Sketch – The leaders

04/04/2011

 

The first televised leaders’ debate took place last week to a blaze of apathy. Judging from the number of people claiming to have watched the broadcast it is not going to be threatening Eastenders for viewing figures – in fact it wouldn’t have threatened Eldorado in that respect. Nevertheless it was a fascinating first opportunity to see the four main protagonists away from Holyrood in some verbal jousting.

And what did it tell us? Nothing particularly new or surprising is the somewhat disappointing answer. As we know Iain Gray has been developing a tough new image in recent weeks and his hard man act was to the fore early on here. Constantly interrupting and hectoring Alex Salmond may have seemed like a good idea but not only does it make Gray appear rude and childish it has very little chance of putting as accomplished a media performer as Slick Eck off his stride.

As for Slick Eck himself he gave a typically forceful performance. He seemed under pressure only occasionally, noticeably over the release of al-Megrahi when the majority of the audience and the rest of the panel appeared at odds with him.  However, he was helped by being given a relatively easy ride from his adversaries. As mentioned Gray started aggressively but floundered throughout and often found himself under attack from the others. Many of his arguments appeared unconvincing and moments that stick in the memory include his claim that the Labour party didn’t vote for the Scottish budget and it’s 25,000 apprenticeships because “it was not enough” which seemed weak. Annabel Goldie was the second best performer on the night. Sure she occasionally overdid the scolding school mistress act but she used the freedom of not being a serious contender for First Minister to put across her arguments. Tavish Scott was also there. His main achievement on the night was to make Gray, who must have welcomed Scott’s presence, seem a little less innocuous. As with Gray his choice of arguments against the SNP seemed flawed. While inward business investment is desirable and vital most would see his attack on the government backing Amazon and their 900 new jobs in Fife as a little odd.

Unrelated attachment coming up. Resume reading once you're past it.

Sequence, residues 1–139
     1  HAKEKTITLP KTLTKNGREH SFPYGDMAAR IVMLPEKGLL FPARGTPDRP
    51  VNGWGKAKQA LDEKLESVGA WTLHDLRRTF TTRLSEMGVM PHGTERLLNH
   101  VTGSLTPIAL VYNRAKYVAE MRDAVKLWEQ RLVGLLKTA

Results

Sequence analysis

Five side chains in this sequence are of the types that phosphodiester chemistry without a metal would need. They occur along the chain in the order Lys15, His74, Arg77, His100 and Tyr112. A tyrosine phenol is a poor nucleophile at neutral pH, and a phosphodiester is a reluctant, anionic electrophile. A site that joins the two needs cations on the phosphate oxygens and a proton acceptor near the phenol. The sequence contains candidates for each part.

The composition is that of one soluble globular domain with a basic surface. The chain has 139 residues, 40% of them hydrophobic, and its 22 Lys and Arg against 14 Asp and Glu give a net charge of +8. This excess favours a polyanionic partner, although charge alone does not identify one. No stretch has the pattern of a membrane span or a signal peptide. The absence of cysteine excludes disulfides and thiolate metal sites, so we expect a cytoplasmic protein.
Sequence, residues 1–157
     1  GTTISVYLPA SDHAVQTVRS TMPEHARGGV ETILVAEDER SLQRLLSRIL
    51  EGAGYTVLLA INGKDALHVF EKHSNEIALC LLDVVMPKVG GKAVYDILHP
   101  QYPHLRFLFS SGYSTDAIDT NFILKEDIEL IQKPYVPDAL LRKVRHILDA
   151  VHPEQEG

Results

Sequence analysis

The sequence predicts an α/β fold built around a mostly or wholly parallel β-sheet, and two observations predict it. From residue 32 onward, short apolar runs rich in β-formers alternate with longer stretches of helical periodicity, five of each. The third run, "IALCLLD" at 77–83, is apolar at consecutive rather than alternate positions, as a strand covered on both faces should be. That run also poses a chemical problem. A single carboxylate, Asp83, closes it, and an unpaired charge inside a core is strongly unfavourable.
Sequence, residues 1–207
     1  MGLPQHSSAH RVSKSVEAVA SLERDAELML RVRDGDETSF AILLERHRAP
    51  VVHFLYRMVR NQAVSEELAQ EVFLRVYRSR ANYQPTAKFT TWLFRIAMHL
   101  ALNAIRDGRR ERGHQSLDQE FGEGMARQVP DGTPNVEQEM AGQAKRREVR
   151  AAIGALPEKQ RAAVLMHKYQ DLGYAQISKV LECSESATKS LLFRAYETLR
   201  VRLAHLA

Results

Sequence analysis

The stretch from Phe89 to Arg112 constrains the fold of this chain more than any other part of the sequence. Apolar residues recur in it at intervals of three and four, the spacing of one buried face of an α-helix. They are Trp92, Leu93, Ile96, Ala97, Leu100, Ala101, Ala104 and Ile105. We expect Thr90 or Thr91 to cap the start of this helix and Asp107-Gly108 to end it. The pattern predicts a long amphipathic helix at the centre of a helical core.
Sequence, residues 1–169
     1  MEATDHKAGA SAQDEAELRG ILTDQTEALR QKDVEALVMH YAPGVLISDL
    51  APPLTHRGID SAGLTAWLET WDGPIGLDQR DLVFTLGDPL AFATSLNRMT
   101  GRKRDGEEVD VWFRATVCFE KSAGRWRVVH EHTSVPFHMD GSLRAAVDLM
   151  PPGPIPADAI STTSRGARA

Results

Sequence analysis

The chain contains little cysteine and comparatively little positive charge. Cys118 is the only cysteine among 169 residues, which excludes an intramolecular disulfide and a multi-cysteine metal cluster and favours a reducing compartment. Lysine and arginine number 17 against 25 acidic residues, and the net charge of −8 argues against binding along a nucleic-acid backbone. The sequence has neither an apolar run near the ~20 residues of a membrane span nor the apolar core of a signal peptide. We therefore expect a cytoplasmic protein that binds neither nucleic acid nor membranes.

So at the end of part one Salmond and Goldie put in solid performances while Gray and Scott must do better. In particular the opposition parties must pick their fight more wisely in future. There are areas where the SNP can be got at such as class sizes and al-Megrahi – the others must formulate a plan to best utilise these matters. So all aboard for round two of Slick Eck, Headmistress Goldie and the two invisible men.

Sketch – The re-awakening of Baron Forsyth

21/03/2011

Scottish Conservative leader, Annabel Goldie, has the appearance of a primary school headteacher. Capable of striking fear into any wayward pupil she still manages to appear somewhat benevolent underneath. She certainly trades on an image of being a tough old mare and a tough old mare who knows what is best for you. At last week’s conference in Perth she highlighted this in her speech saying: “There is an old nag in the field who’s been round the course and who’s got form when it comes to taking on the boys.

“Someone who decides what they can and cannot do, somebody who holds the balance of power in this parliament and who will act without fear or favour.

“That old nag is me.”

So there you have it, anyone steps out of line and it will be six of the best from Ms Goldie. However, if Goldie does have some benevolence about her then another Tory making his presence felt last week certainly does not. Somewhere in darkest Stirlingshire a creaking coffin door was heard to open as the prince of darkness Baron Forsyth of Drumlean rose. Of course in his previous life he was Thatcher’s tartan bogeyman Michael Forsyth and he was back on form in Perth.

Speaking at a fringe meeting he attacked the party for backing the Scotland Bill and its increased fiscal powers for Holyrood. As a mortified Murdo Fraser looked on the feared Baron broke rank from party policy and launched a staunch defence of the union. A parliamentary candidate from another party opined, in private, recently that party’s don’t like having debates on controversial subjects as part of the main conference due to them being reported on as ‘splits’. At Perth you could see the reason why, Fraser and his cohorts are doing their best to detoxify the Tory brand in Scotland. It will certainly not be helped by the spectre of 1980’s Thatcherism, unionism and being told what is best for you. Goldie may get away with a bit of lecturing but Forsyth almost certainly will not.